One of the most common questions I get from people involved with ROAR is how do I find my gift? Most people resonate with the fact that they are here for a purpose and that to give back to others is the ultimate goal. Where some people get stuck is what exactly they are the most gifted at, and hence should be giving from.
I want to challenge this thought today and ask the question, what if you could make the most impact with your greatest weakness, not your greatest strength? As I think about the people in my life that have made the biggest impact, it dawns on me that they all share a commonality, and that is they have been able to share some struggle, weakness or tribulation they have overcome or are humbled by that allows them to touch people in the way that they do.
I watched a video of a man yesterday who was speaking to an audience of high school students about not giving up. I was struck by it in particular because this man happened to have no limbs. As he talked about falling time and time again metaphorically in his life he would knock himself over and talk to the audience lying on a table. As he got to the point in his speach where he was encouraging not giving up, he miraculously worked his way back to standing. He spoke about the feeling of hopelessness and that with perserverance you can pick yourself up from any fall.
God seems to have no problem with choosing us in spite of, or maybe because of our weaknesses as well. Just like Moses with his speach impediment who was chosen to lead God’s people, and David with his small stature to fight the Giant, time and again he uses the most unlikely characters for his most awesome work.
Can you look into your life today and find a weakness or vulnerability that can be used to make an impact on other’s lives?
All men dream but not equally. Those who dream by night in the dusty recesses of their minds wake in the day to find that it was vanity; but the dreamers of the day are dangerous men, for they may act their dream with open eyes to make it possible.
Not necessarily, say experts. No matter what is it you are pursuing in life that you are passionate about, things can get overwhelming from time to time. Burnout can come from hitting the pavement on work that you were not intended or made to do, but it can also come because not enough rest is taken away from even the things that you do love and are meant to do.
It is easy to get excited and caught up in your passion, but without rest, even the most rewarding of talents turns into a job. It can be wearing and confusing at times. You may say to yourself, “Maybe this is not my passion after all.” The key to sorting through the muck should always start with a slight step backwards. Retreating for short reflection is helpful because it will give you the necessary time to recharge if you are just pushing to hard. It will also give you a new perspective if, after that rejuvination, you are still not excited to get started again. If that is the case you may need to do some extended reflection and exploration of what you were pursuing. It sometimes takes starting down the wrong path several times until you get on the right one, but don’t just jump trails before you analyze the burnout. It may only take a small sabbatical to get you back on track where you started.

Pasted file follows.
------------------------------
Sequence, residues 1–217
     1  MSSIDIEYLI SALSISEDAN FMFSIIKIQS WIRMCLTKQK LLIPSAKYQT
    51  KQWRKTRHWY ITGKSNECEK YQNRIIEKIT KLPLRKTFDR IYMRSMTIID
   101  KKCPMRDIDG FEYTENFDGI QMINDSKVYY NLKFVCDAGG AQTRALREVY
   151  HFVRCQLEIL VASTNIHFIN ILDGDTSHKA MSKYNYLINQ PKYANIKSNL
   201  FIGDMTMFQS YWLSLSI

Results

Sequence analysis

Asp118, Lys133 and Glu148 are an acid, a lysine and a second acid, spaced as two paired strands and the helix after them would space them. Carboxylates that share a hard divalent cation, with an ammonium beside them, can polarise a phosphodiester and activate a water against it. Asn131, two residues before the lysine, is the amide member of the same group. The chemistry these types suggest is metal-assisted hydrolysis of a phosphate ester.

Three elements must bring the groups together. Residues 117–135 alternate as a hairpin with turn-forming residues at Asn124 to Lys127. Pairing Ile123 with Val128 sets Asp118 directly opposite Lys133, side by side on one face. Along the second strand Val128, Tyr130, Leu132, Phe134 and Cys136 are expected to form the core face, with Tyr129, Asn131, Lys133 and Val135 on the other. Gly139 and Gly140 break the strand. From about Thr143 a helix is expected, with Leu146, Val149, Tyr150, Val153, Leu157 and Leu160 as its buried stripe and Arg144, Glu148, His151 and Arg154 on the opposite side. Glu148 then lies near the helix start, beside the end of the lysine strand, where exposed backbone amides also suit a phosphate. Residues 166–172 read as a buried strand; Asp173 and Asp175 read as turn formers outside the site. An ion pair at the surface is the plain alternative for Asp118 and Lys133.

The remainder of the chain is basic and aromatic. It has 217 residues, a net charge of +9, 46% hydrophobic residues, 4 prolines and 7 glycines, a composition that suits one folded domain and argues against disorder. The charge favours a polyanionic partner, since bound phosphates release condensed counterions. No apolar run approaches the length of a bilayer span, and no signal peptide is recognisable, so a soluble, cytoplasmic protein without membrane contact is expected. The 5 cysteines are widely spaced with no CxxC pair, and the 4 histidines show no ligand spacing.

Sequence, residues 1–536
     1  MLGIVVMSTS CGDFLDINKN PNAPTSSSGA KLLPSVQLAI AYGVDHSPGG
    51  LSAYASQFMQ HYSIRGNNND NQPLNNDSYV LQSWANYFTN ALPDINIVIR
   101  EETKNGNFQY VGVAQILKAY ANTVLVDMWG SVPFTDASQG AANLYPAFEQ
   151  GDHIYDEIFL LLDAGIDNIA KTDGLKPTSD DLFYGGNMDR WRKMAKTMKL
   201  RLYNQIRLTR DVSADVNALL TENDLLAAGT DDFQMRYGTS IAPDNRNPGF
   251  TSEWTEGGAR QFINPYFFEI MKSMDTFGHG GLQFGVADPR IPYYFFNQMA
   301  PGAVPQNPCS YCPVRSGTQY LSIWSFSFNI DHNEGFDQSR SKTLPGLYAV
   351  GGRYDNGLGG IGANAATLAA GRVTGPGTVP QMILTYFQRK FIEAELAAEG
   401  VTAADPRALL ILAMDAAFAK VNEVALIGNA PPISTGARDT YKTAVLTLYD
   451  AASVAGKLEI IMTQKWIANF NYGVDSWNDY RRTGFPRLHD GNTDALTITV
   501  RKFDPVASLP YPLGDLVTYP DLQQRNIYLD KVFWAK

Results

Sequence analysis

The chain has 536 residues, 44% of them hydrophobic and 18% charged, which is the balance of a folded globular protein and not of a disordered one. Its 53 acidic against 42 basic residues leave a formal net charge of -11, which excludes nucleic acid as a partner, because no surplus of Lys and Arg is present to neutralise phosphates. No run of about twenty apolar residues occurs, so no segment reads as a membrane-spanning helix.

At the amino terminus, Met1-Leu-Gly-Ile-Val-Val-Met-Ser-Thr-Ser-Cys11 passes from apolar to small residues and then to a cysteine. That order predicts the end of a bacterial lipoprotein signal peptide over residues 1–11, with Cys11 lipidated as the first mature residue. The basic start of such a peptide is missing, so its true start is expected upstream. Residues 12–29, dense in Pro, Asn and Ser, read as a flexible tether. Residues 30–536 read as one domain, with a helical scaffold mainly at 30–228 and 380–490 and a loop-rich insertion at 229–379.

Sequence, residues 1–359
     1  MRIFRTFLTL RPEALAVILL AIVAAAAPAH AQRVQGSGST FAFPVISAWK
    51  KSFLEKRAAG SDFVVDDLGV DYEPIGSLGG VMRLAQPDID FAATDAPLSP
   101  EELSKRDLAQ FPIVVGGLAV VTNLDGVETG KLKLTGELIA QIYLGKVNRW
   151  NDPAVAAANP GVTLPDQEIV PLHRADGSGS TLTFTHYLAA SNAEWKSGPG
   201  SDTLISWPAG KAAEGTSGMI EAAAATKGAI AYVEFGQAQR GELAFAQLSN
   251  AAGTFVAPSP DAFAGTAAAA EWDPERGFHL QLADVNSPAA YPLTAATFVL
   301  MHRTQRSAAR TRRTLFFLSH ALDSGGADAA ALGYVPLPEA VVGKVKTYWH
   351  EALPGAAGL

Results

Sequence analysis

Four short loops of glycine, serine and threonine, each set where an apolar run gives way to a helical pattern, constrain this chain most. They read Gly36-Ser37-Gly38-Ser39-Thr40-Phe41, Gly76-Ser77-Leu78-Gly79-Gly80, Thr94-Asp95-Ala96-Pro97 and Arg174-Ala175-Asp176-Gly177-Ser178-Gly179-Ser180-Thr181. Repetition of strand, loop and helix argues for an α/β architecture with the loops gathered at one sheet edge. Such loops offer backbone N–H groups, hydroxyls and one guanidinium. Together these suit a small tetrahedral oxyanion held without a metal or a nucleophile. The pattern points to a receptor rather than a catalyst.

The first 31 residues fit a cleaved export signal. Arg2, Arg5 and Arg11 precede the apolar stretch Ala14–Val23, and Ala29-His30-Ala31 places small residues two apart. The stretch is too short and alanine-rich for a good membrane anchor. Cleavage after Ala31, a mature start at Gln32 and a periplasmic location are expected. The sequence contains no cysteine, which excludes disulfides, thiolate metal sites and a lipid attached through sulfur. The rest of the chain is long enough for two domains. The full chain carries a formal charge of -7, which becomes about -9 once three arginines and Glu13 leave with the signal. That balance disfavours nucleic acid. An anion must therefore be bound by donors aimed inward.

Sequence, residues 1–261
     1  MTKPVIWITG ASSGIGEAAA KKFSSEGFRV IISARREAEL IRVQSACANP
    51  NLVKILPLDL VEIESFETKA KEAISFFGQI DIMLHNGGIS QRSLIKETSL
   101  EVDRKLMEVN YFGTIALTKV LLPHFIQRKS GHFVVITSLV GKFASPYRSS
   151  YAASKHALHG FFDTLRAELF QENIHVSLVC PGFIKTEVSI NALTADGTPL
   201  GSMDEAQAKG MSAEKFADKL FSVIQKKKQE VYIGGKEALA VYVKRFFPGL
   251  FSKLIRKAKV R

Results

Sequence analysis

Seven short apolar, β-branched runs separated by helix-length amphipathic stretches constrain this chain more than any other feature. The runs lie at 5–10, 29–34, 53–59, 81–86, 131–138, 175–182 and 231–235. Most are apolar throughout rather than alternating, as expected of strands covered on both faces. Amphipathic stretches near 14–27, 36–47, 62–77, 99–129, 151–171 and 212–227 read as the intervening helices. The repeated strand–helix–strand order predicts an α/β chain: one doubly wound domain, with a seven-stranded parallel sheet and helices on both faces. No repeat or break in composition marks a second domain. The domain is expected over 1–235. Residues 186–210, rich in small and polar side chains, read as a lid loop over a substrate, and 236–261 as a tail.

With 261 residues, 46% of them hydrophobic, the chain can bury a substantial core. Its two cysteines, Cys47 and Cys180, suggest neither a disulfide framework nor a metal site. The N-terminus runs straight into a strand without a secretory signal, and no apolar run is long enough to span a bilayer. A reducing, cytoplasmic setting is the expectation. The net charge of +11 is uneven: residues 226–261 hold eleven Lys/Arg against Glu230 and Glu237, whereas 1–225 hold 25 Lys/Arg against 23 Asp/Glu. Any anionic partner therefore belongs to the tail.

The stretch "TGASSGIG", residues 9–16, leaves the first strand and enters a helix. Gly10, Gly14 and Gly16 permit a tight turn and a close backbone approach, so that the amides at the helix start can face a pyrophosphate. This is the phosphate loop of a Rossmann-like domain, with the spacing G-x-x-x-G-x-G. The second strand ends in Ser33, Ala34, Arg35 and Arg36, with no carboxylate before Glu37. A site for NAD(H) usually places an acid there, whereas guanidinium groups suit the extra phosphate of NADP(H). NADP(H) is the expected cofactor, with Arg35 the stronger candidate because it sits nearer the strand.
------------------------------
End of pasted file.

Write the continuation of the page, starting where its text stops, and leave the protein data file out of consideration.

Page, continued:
And remember…there is a time for every season, even rest!
I was walking to the park with my two year old daughter yesterday, which is only a few blocks away but crosses a few busy streets, when all of a sudden instead of stopping when I asked her to she said “No!”and ran away from me as fast as she could. I had to chase her down & hold on to her hand for dear life so she wouldn’t dart into the street. It is an occurance that is becoming more common these days, and in complete frustration I broke down and stared directly into her eyes & asked her pleadingly…why don’t you listen to me? I was thinking…Don’t you know I have your best interest in mind? You think I want to steal your fun…but I want to give you more life than you could ever know. It took a few moments to gather myself & continue and as I walked on mystified by her behavior (as I often am these days ) when the thought entered my mind… this must be the same way God feels when I run from him.
Finding and living out our purpose in life is many times a direct result of letting God manage it. That means, even if it looks like he is stealing all of our fun and possibly even taking us in directions we don’t really want to go, we could miss out on all the life that he has to give if we don’t follow. We spend quite a bit of time talking about searching deeper within to passion and fire and giftedness and all of that is really, really important, but I wanted to ask the question today: Is there a place he is leading you that you refuse to go? And if you are refusing…why? Is it possible that there is a larger picture to consider? One that has to include the love and motives of the father to be able to trust it at all?